by Ihlwha Choi

I couldn’t ask Nandini if she had studied at school.

I only asked a foreign student excellent in Bengali about her age.

The girl, understanding only English such as brother, sister and thanks was the youngest daughter of a roti shopkeeper.

Located at the small street near the post office in Shantiniketan, West Bengal,

There was Nandini’s small shop along with fruit stalls and the bike shop.

Cows passing by would thrust their heads suddenly

Into the shop thatched with bamboo stems.

One Korean poet said he had seen the girl when she was seven.
Her bones had grown up until now, at the age of fourteen, selling chai and roti.

In this district, goats and ducks, even dogs and cows grow up by themselves.

They do not pierce cows’ noses nor pull them by reins.

The only thing that hinders the cows is the chains around the trees.

The only thing hindering the sleep of dogs is so many steps and vehicle horns.

Maybe Nandini also has grown up like that,

Delivering the dishes of roti and washing the glasses of chai,

Yelling at the two babies of her older sisters.

She might learn about the world hearing the customers’ talk over their shoulders.

How long had she had bare feet? The toes pressed out from sandals looked like tree stumps.

My returning back to my country has nothing to do with Nandini.

She only smiled brightly twinkling her eyes at my small gift.

I wished she would meet a good man not wanting a dowry,

And become a nice mother, like her elder sister,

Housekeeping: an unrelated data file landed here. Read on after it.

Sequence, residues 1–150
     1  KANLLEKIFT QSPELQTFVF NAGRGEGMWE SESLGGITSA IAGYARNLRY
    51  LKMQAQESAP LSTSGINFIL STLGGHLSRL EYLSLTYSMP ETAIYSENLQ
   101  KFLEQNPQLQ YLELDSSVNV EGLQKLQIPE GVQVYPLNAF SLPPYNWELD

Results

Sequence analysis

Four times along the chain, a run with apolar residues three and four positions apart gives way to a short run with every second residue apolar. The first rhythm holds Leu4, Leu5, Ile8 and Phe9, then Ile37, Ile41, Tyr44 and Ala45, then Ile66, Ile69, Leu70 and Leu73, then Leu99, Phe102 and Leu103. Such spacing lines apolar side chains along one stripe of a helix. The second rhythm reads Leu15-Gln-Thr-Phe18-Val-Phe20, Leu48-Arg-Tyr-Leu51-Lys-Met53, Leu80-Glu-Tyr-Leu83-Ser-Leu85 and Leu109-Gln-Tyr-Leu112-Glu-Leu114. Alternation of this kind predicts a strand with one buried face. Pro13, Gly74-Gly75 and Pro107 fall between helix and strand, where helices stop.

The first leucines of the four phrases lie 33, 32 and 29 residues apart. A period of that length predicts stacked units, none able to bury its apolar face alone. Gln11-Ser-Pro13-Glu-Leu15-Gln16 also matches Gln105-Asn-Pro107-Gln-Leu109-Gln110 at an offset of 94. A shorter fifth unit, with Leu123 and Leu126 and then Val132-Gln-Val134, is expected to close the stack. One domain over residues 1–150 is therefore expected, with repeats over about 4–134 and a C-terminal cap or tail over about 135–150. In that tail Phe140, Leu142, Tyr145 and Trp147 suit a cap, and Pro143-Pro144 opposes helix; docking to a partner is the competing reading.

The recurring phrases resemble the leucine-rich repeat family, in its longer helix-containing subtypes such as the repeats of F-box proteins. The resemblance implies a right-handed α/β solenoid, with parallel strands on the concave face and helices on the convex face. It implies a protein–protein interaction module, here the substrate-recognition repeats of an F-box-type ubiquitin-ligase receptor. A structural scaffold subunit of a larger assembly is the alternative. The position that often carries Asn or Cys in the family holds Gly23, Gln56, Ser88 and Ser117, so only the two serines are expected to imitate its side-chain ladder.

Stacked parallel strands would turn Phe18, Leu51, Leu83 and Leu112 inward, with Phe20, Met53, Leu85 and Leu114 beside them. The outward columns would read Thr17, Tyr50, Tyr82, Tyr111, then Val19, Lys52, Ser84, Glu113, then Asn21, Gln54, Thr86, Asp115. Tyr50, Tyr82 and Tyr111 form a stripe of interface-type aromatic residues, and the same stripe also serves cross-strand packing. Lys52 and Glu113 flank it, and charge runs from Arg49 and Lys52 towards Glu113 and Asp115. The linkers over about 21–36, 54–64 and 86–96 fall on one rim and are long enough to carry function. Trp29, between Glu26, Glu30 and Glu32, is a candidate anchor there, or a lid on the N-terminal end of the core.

All together with her brothers and sisters and strong and diligent mother,

Dissolving the tragic memory of her father’s suicide.

Nandini smiled though I told her to close her mouth, though I didn’t let her say cheese to make her smile.

When did she learn to smile in front of a camera?

There lived a flower-like little girl selling chai near the old house of Poet R. Tagore.

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Ihlwha Choi is a South Korean poet. He has published multiple books of poetry. Until the Time When Our Love will Flourish, The Color of Time, His Song and The Last Rehearsal to name a few. E-mail: choiihlwha@hanmail.net

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PLEASE NOTE: ARTICLES CAN ONLY BE REPRODUCED IN OTHER SITES WITH DUE ACKNOWLEDGEMENT TO BORDERLESS JOURNAL.

Categories
Poetry

Korean Blast


By Wansoo Kim

Korean Blast


Old Japanese women,
Crossing the East Sea* at a breath
To have the blood of youth transfused
Through their throbbing drama stars,
Burst cheers and tears
As teenage girls.
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Young people with yellow hair
Jump up tearing their vocal cords